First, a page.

In recent years. the National Union and Central Office. its money being provided by business. 10 during the 1992 general election campaign whilst the usefulness of the next Chairman. founded in 1870. The Movement. Sir Norman Fowler (1992-4). the party spent more (£20 million) than Labour (£13 million) and the Liberal Democrats (£0.63 Central Office Conservative Central Office (CCO). and is staffed by officials many of whom make their work a full-time career. 10. Local contributions have suffered because of the decline in membership and gifts from industry have e declined partly because of the . there were further changes with the appointment of a Director General and Finance Director and a new Board of Management. Jeremy Hanley (1994-5) also proved unsuccessful as a communicator and he was soon replaced by Brian Mawhinney. and a Board of Finance. is the party’s third main component: it constitutes the professional element. 10 and as a public defender of the government's policies was reduced by his unwillingness to serve in the Cabinet. a fact which has led to the description of Central Office as 'the personal machine of the Leader'. Its Chairman (normally a leading politician) is appointed by and responsible to the party leader. Central Office also faced severe criticisms during the 1990s from the Charter Movement. the organisation of election campaigns. Its main tasks are money-raising. Chris Patten. in carrying out these functions. Agents are the key professionals in politics and another aspect in which the Conservatives enjoy an advantage over their rivals. After the 1992 general election. His successor. assistance with the selection of candidates. Party finances The Conservative Party is the wealthiest party. This was another section of the party which seemed ripe for reform after 1997. Central Office was substantially restructured after 1987 and now consists of three Departments (Communications. regards Central Office 'waste. for example. the party bureaucracy. problems remain. carelessness and profligacy as largely to blame for the party's huge deficit. but problems of effective communication and publicity persisted.7 million) combined. The main relationship is between Central Office top staff and those of the Prime Minister at No. whose Heads are responsible to the Party Chairman. Normally employed by the constituency associations. There was tension between the Party Chairman. contributions from the constituencies and from companies have both declined and private donations increased as a proportion of central party income. it must liaise both with the parliamentary party and with the party outside Westminster. which was set up in 1981 by activists in Kent to campaign for greater democracy and accountability within the party. At the 1997 general election. considers large donations from foreign backers 'a degradation’ and calls for an elected Chairman. However. But Lord Harris of Peckham proved an effective fundraiser and by May 1997 the revenue deficit had been transformed into a surplus of £2 million. However. through its journal Charter News. Its formidable capacity to raise funds enables the party to outspend its opponents by significant amounts at general elections. certification and promotion of agents. research and political education and. A particularly vital role performed by CCO is the training. Central Office did not work well for much of the 1990s. Campaigning and Research). as a link between Central Office and No. Nonetheless. they employed 287 full time agents in the 1997 general election compared to Labour's 60 and the Liberal Democrats' 30. the constituency membership and gifts from individuals. and in election campaigns. containing senior figures from the parliamentary party. but this has not always been smooth. especially in marginal seats. and key staff at No. in fund raising. huge increases in expenditure during the 1980s and early 1990s led to an accumulated deficit reportedly in the region of £19 million in 1993. agents play an important part in liaising between the party's central headquarters and its regional area and local bodies.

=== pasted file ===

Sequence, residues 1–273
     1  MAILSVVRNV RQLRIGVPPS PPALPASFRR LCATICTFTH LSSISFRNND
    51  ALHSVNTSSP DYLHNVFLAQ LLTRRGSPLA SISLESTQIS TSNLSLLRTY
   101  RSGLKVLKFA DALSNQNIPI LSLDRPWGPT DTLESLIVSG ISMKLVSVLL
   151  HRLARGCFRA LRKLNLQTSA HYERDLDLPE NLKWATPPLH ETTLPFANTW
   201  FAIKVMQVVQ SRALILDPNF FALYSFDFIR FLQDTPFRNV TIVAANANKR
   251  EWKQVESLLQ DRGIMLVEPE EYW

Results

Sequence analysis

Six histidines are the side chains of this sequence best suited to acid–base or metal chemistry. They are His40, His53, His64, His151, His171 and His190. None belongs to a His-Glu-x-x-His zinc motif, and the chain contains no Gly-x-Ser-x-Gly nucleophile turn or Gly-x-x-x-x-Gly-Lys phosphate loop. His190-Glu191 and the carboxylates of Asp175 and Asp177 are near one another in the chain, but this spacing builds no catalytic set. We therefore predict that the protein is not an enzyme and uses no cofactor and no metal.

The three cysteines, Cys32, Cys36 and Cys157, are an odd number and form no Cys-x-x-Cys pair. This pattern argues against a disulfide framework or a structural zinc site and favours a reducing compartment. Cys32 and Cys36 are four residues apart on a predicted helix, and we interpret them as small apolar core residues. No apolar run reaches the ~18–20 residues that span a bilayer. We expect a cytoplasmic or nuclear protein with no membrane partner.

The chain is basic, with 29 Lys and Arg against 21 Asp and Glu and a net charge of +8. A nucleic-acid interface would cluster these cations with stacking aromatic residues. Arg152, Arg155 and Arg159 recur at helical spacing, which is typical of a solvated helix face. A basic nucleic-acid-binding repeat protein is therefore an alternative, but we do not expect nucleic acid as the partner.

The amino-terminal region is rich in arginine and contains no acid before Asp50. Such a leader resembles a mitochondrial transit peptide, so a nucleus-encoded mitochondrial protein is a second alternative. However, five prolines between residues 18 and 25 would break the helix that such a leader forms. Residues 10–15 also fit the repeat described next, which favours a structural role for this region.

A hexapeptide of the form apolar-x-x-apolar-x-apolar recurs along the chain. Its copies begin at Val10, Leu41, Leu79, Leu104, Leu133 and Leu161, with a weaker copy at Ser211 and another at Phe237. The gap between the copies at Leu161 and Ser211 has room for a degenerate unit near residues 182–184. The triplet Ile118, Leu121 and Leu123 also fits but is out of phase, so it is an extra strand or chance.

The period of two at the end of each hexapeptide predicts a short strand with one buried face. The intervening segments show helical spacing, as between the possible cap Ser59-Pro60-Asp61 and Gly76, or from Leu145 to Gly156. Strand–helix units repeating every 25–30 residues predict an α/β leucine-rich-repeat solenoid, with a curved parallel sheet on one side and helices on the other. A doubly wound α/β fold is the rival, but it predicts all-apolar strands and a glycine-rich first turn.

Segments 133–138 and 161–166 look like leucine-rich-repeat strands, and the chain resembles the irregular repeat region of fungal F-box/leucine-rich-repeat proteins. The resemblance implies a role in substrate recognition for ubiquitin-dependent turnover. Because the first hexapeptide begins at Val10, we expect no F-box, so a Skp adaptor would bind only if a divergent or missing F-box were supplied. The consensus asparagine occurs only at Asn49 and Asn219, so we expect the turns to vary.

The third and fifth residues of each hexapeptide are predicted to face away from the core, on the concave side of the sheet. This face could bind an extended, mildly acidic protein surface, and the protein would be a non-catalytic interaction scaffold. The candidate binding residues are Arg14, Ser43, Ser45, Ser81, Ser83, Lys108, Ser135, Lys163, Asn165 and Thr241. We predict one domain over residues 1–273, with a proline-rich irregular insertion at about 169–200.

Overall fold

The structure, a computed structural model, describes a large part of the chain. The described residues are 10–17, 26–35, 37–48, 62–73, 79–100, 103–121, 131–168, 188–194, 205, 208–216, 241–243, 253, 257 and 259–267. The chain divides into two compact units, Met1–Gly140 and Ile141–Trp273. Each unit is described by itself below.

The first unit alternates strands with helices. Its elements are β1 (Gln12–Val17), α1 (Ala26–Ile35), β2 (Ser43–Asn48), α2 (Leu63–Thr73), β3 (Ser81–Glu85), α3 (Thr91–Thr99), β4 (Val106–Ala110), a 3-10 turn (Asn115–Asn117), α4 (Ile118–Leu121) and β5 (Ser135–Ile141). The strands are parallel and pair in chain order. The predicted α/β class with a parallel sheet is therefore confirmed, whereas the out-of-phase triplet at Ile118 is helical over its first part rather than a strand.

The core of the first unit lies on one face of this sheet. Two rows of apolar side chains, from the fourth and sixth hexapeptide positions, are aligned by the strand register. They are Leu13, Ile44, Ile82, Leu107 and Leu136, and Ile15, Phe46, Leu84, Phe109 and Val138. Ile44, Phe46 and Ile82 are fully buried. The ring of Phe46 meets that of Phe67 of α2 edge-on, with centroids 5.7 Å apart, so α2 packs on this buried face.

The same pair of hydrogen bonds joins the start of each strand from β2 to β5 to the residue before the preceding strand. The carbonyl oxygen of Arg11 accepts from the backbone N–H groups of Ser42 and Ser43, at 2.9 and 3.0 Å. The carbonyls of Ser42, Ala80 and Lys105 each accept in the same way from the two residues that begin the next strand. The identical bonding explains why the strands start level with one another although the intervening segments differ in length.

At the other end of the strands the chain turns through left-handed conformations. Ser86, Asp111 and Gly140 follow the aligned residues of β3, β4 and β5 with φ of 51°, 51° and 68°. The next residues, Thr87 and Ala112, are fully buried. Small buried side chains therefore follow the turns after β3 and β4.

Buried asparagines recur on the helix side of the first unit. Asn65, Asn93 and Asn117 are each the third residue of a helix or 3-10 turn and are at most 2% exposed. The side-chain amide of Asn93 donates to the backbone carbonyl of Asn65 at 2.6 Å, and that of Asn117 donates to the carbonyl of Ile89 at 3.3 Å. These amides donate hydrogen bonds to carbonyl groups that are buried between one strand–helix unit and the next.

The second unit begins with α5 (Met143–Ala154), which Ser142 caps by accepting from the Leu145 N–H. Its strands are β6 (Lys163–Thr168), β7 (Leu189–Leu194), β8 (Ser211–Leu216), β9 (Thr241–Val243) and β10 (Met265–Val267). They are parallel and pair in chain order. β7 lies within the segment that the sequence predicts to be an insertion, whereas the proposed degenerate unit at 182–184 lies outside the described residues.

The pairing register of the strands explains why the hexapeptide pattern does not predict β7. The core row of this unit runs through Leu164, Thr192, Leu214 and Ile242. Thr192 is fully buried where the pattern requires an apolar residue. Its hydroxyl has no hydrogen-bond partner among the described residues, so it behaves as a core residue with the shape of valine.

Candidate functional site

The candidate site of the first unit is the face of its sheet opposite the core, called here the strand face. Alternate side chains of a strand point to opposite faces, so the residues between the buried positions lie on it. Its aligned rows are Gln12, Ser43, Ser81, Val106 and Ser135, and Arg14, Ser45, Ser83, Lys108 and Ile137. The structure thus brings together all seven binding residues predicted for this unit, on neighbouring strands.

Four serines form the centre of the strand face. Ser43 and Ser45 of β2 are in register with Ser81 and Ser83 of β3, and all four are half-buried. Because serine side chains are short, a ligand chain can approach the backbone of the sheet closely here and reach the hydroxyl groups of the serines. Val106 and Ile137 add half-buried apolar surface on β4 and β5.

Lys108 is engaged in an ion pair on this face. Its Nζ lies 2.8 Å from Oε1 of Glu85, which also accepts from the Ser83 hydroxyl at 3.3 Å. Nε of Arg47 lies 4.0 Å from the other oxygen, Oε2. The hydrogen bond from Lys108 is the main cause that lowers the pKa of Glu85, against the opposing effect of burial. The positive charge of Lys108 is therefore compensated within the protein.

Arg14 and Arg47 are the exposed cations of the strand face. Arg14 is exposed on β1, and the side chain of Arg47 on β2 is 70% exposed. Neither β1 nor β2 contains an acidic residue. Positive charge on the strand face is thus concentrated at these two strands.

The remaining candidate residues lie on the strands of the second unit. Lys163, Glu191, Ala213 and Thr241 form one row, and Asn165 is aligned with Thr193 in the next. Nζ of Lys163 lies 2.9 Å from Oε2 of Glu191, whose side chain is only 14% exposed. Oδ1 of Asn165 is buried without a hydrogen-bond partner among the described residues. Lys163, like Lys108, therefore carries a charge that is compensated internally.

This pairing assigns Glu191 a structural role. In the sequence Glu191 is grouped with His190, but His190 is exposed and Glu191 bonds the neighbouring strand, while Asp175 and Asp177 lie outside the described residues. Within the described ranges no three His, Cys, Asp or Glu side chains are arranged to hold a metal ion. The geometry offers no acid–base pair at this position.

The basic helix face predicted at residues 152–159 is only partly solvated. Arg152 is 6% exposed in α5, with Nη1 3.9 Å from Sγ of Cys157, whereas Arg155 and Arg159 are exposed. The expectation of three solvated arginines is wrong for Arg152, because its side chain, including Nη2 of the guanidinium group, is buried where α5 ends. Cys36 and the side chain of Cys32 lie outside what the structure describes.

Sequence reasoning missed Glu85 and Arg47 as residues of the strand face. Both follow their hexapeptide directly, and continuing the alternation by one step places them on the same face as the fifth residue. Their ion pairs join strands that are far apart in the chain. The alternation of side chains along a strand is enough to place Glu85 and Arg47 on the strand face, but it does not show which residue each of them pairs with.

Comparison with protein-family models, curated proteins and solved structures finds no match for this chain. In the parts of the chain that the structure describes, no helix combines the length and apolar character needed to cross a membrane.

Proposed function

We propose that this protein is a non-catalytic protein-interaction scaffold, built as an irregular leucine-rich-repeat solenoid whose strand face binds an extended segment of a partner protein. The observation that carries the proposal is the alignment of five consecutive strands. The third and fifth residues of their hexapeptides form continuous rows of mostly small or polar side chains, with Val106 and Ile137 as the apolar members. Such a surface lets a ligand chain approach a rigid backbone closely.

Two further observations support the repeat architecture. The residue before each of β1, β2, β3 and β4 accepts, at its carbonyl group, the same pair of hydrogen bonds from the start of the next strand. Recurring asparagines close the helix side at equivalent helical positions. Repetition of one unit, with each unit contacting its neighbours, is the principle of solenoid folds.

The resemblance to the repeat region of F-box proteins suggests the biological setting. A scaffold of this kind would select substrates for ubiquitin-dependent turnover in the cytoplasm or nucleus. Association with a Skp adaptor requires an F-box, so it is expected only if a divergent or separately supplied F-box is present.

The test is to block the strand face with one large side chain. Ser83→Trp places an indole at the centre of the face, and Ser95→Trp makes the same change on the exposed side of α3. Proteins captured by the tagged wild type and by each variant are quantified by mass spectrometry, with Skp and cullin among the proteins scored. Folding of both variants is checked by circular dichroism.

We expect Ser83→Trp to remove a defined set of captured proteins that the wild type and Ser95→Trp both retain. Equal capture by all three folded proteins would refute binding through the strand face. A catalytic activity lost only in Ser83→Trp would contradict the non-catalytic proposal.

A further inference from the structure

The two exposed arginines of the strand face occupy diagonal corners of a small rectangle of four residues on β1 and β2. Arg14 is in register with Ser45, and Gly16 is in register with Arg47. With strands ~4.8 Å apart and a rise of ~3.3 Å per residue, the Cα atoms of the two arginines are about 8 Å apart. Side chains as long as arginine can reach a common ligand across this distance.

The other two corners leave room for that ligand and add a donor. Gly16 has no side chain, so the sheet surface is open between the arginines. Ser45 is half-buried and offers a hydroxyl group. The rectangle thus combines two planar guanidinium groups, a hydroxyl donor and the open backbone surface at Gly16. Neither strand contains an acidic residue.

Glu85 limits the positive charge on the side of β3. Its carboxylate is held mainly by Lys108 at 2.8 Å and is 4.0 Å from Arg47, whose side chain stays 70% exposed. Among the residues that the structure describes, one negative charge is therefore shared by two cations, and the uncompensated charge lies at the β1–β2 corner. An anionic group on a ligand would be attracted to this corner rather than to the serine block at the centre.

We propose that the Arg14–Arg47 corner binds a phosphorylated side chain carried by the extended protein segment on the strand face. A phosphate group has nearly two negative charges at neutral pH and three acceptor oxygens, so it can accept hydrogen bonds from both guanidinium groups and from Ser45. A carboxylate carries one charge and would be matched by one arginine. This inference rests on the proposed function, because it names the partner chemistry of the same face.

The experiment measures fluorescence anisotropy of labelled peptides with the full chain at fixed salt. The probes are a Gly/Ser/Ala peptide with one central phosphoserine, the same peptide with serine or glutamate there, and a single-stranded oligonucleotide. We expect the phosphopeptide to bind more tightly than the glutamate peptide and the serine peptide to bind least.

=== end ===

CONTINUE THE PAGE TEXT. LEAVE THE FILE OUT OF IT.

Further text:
since 1984.2% over the same period. Labour maintains that company contributions to the Conservatives are not published and companies are not legally required to seek shareholders' approval of such gifts (as trade unions. partly because of the attraction of New Labour. .7% in 1994-5. and .000 in the 1997 general election. central office and the National Union. A recommendation from the Committee on Standards in Public Life on party funding was brought in during summer 1998. were: streamlined management at all levels of the party organisation with a single governing body ('the Board').000 in 1997. The Labour Government plans to introduce legislation banning overseas political donations and may also cap election expenditure. A party in decline There was evidence of severe decline in the Conservative Party during 1997. William Hague immediately set out to build a unified national party ending the divisions between the parliamentary party. the Conservatives say Labour is 'in hock' to the unions. whilst company and individual donations rose from 77.000 in 1997. Labour argues that the Conservatives are over-dependent on business. Labour admits this but ripostes that very few do so: only the National Freight Corporation . method of leadership election: seen by many as too élitist with widespread grass-roots discontent about lack of formal involvement in 1997. The main proposals. The Young Conservatives are near extinction with under 3. which made such donations suspect. too few campaigners. The lack of a central register of membership was exposed in July 1997 when Nell Hamilton admitted he was not even a member of the Conservative party. 50. have been legally required to ballot members before making political donations).100 in 1979 to 4. consisting of the following factors: electoral collapse: from 336 MPs (1992) to 165 MPs (1997) lack of parliamentary discipline: public squabbles between MPs discredited the party and helped to bring about defeat in 1997. William Hague's proposals for party reform Following his election as leader in June 1997. which largely appeared in Blueprint for Change published during the 1997 party conference.out of 38 large companies making gifts to the Conservatives gave its shareholders a vote on its political donation in 1991. six of whom would be elected by the membership.000 compared with Labour's 200. There is a political controversy both over business contributions and over the scale. declining constituency income: as a proportion of party income.64 recession. which would be wound up.7% to 83.the result was an 87% majority against such gifts.8% of party income in 1988-9 to 5. constituency income declined from 13.000 in 1987 to 300. Finally. average age of members is 62. and 84% are over 45. too few councillors: the party collapsed in local elections with its number of councillors falling from 12. secrecy and source of individual donations (usually concealed in in the 'unspecified' category). large individual donations especially from its foreign sources aroused intense political controversy in the 1990s especially after the Nolan Report (1995).000 members. standards of conduct. The Conservatives reply that companies may seek shareholders' authority for political gifts if they wish. discredited 'cash for questions' MPs Graham Riddick and David Trevinnick and disgraced MPs Neil Hamilton Tim Smith and Jonathan Aitken helped bring the party into disrepute. In late 1997 the Committee on Standards in Public Life required the Conservatives to disclose amounts received over the previous five years but did not require the party to reveal the identity of the donors. headed by the party chairman and including 12 other members.5 million(1979) to 750. falling and ageing membership: party membership declined from 1.